Boxing great yields helplessly hoping

Joaquin M. Henson - The Philippine Star

MANILA, Philippines - The first Filipino Olympic silver medalist Anthony Villanueva died in his sleep yesterday morning in Cabuyao, Laguna, after nearly willing himself to lose his life by not eating the last six days.

Barangay social worker Mary Grace Vida was about to bring Villanueva to a rural hospital to be injected with dextrose when he died. Broadcaster Chino Trinidad said he wired the peso equivalent of $100 through Western Union to Vida the day before to pay for the confinement. The money was a donation from a Filipino in the US, Carlo Bernarte, who read The Philippine Star story on Villanueva “Forgotten hero at death’s door” last Sunday.

When the story was published, several individuals immediately contacted Trinidad and The Star to give assistance to Villanueva. News broadcaster Freddie Abando phoned to say Secretary of Health Enrique Ona was prepared to provide whatever medicine was necessary. Ever Bilena chairman Dioceldo Sy, ALA Gym owner Antonio (Bidoy) Aldeguer, swimming coach Anthony Lozada and concert promoter Rajan Gidwani also said they were ready to help. But it was too late.

Villanueva, 69, withered away in a state of helplessness. His limbs had atrophied, his feet were swollen due to kidney malfunction and his heart was diagnosed with severe abnormalities. Dr. Hana Marie Biagtan of the Calamba Medical Center examined Villanueva over a week ago and suggested confinement to address his ailments. But there was no money to pay for his treatment.

Trinidad, who recently launched a project to pay tribute to Filipino sports legends, had hoped to bring Villanueva to the “Gabi Ng Pagpupugay” at the Newport Performing Arts Theater of the Resorts World on June 12 even in a wheelchair. “I think Anthony lost his will to live,” said Trinidad. “Anthony was a forgotten hero. When we conceptualized the tribute project, Anthony was near the top of our list of heroes to be honored. At first, we couldn’t locate him. Then, Mary Grace contacted us through facebook. She mentioned there was a former boxing champion named Tony in Cabuyao, very ill, isolated and unable to talk or walk. My son and I went out to visit Villanueva. I couldn’t believe how this once handsome boxing champion had been decimated by time. I found out he had suffered five strokes or heart attacks over the last 14 years.”

Villanueva died between 10:40 to 11:20 yesterday morning in the rented home he shared with common-law-wife Liezel and their 15-year-old son Joey. At presstime, his body was being brought to a funeral parlor. The PSC was informed of his death by Trinidad and death benefits will be given to his surviving family. Villanueva used to receive P7,000 a month from the PSC. But it was hardly enough to pay for his medicine, food for his family, living expenses and the P5,000 monthly rent. Villanueva has three other children with two other women, Avery, 43, Agatha, 41 and Jose, 18.

Trinidad said Villanueva’s sad plight is a wake-up call for those who care for sports heroes to come to their aid in their darkest hours. “Anthony isn’t an isolated case,” he said. “There are more sports heroes out there who are forgotten and sickly. I hope to establish an Anthony Villanueva Memorial Pension Fund to provide for our heroes so that they may never be forgotten.”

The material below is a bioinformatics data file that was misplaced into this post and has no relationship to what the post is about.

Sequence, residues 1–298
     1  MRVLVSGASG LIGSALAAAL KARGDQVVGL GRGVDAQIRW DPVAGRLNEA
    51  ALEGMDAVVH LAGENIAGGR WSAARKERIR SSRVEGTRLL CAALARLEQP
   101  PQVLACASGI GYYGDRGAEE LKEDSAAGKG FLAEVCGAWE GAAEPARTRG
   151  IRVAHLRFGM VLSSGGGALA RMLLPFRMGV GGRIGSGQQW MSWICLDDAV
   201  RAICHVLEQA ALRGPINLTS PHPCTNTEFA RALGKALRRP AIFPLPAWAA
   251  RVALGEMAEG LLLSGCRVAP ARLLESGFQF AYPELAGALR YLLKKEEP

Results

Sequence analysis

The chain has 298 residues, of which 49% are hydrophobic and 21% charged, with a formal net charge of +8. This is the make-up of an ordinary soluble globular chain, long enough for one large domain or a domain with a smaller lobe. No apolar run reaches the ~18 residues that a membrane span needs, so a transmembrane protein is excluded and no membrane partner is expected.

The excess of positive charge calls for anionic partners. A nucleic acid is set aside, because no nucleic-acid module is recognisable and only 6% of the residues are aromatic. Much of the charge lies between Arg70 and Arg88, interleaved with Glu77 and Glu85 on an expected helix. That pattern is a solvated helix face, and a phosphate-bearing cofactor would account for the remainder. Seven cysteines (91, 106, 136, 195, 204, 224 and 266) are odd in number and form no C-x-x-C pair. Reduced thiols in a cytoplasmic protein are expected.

In 1964, Villanueva was 19 when he mowed down Italy’s Giovanni Gigrenti, Tunisia’s Tahar Ben Hussein, Poland’s Piotr Gutman and the US’ Charlie Brown to arrange a finals showdown with Russia’s Stanislav Stepashkin for the featherweight boxing gold medal at the Tokyo Olympics. Bloodied but unbowed, Villanueva battled Stepashkin tooth and nail but lost a 3-2 split decision that was disputed by Ring Magazine founder Nat Flesicher, New York Herald Tribune writer Jesse Abramson, Peter Wilson of the London Daily News and the renowned columnist Red Smith.

Villanueva returned home to a hero’s welcome and was given a ticker-tape parade around Manila. He lost his amateur boxing license after appearing in movies. As an actor, he appeared in five films, including the 1966 movie “Salonga Brothers” with now Manila Mayor Joseph Estrada and Annabelle Huggins. Villanueva also came out in “Pamatay Kaliwa’t Kanan” with Vilma Valera and “Fighting Fists” with Roberto Gonzales. He tried his luck as a pro boxer but after posting a 4-3 record, decided to quit the ring for good.

In 1976, Villanueva went to the US and worked as a cook in a Mexican restaurant in Massachusetts, a security guard in Staten Island and the Philippine consulate in New York City and a boxing coach in private gyms. He returned to Manila in 1988 to join the Philippine national boxing coaching staff for the Seoul Olympics then went back to the US with no steady job available here. Options eventually dried up in the US and Villanueva came home for good.

Villanueva suffered a mild stroke in 1999 and a year later, put his Olympic silver medal up for sale with a price tag of P1 Million. He was persuaded to instead donate the medal to the PSC. Villanueva had tried to sell the medal twice before. The medal is now on display at the PSC Museum in the Rizal Memorial Complex.

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